Prime Minister accused of ‘gambling with lives’ over plans to lift mask-wearing and social distancing despite rapid rise in Covid-19 cases
Case numbers of Covid-19 are rising fast and millions of people have still not been vaccinated - but the Prime Minister has announced that mandatory mask-wearing and social distancing will be lifted on July 19.
Boris Johnson indicated that the public will be advised to use its judgment over when to wear masks, which have been shown to play an important role in reducing the transmission of the virus.
Union leaders accused the PM of “gambling with lives”and pursuing a “gung ho” strategy.
There was acknowledgement at a Downing Street press conference that Covid-19 deaths would continue to rise - but at a much lower level than before the vaccination programme.
Mr Johnson acknowledged the pandemic was “far from over” with cases rising “fairly rapidly”.
“There could be 50,000 cases detected per day by the 19th,” he said.
“We are seeing rising hospital admissions and we must reconcile ourselves, sadly, to more deaths from Covid.
“In these circumstances we must take a careful and a balanced decision – and there’s only one reason why we contemplate going ahead to Step 4 in circumstances where we would normally be locking down further and that’s because of the continuing effectiveness of the vaccine rollout.”
He added: “We have to balance the risks. The risks of the disease which the vaccines have reduced but very far from eliminated and the risks of continuing with legally-enforced restrictions that inevitably take their toll on people’s lives and livelihoods, on people’s health and mental health.
“We must be honest with ourselves that if we can’t reopen our society in the next few weeks, when we will be helped by the arrival of summer and by the school holidays, then we must ask ourselves: when will we be able to return to normal?”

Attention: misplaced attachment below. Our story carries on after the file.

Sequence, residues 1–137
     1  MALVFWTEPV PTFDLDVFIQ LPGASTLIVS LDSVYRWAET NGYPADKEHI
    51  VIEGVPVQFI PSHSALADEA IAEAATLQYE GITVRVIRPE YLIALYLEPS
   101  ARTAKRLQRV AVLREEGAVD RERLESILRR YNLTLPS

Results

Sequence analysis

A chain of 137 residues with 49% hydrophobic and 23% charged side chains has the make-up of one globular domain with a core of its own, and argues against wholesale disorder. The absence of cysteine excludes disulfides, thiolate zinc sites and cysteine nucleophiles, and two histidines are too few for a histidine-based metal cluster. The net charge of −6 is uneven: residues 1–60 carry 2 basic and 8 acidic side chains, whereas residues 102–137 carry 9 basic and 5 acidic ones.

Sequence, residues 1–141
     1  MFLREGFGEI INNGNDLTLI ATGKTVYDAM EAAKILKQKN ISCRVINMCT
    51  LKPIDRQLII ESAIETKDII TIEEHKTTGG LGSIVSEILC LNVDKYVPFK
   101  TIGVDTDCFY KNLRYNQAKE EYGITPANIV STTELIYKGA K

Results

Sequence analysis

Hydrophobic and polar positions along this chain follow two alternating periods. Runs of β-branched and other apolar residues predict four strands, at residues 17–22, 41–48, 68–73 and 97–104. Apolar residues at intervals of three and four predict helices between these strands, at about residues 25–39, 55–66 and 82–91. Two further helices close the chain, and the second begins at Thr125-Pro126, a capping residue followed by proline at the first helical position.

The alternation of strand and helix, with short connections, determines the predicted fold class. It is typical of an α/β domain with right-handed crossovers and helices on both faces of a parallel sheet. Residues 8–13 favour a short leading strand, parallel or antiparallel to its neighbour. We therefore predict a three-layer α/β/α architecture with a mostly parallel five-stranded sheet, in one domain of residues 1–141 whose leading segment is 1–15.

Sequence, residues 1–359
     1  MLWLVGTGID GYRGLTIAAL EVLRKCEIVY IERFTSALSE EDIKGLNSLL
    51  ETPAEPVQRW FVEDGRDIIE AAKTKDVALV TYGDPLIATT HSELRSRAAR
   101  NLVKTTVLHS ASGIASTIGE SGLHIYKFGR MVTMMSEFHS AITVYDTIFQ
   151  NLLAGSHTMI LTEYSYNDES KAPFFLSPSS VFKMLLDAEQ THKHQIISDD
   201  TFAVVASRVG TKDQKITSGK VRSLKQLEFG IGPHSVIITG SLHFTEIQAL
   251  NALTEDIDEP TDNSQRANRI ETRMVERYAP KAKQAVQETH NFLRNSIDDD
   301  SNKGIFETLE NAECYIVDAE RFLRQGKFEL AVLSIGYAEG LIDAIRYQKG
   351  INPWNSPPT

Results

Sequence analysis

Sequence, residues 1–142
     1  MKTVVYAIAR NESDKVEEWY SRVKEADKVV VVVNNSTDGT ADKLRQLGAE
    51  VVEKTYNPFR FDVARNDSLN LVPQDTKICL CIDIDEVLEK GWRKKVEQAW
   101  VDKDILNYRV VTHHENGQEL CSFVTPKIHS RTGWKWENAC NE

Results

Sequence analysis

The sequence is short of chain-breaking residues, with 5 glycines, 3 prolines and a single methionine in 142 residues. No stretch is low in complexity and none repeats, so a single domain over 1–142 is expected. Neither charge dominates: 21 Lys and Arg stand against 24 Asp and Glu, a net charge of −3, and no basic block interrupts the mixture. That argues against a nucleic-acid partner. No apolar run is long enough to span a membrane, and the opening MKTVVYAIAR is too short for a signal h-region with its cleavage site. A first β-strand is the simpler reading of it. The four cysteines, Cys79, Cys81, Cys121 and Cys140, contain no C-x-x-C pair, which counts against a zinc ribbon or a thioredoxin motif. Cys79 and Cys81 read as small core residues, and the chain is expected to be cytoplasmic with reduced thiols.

The so-called “freedom day” is expected on July 19, although the final decision on whether to proceed will be taken a week earlier.
Enacting Step 4 of the roadmap out of lockdown will mean:
- No limits on social contact, meaning the end of the orders such as the “rule of six” and restrictions on guests at weddings and mourners at funerals.
- A lifting of the legal requirement to wear face coverings, although guidance will suggest people might choose to do so in “enclosed and crowded places”.
- All remaining businesses will be able to reopen, including nightclubs, while capacity caps will be lifted and bars and restaurants will no longer be restricted to table service.
- The government will no longer instruct people to work from home.
- The “one metre plus” rule on social distancing will be lifted except in specific circumstances such as at the border, where guidance will remain to keep passengers from red and amber list countries from mingling with other travellers.
- The limit on named care home visitors will be lifted but infection control measures will remain in place.
- There will be no compulsory use of Covid status certification – so-called domestic vaccine passports – although firms will be able to voluntarily use the system.
- The gap between vaccine doses for under-40s will be reduced from 12 weeks to eight, meaning that all adults will have the opportunity to be double-jabbed by mid-September.
The legal requirement to self-isolate will remain for people who have tested positive or been identified as a contact by NHS Test and Trace.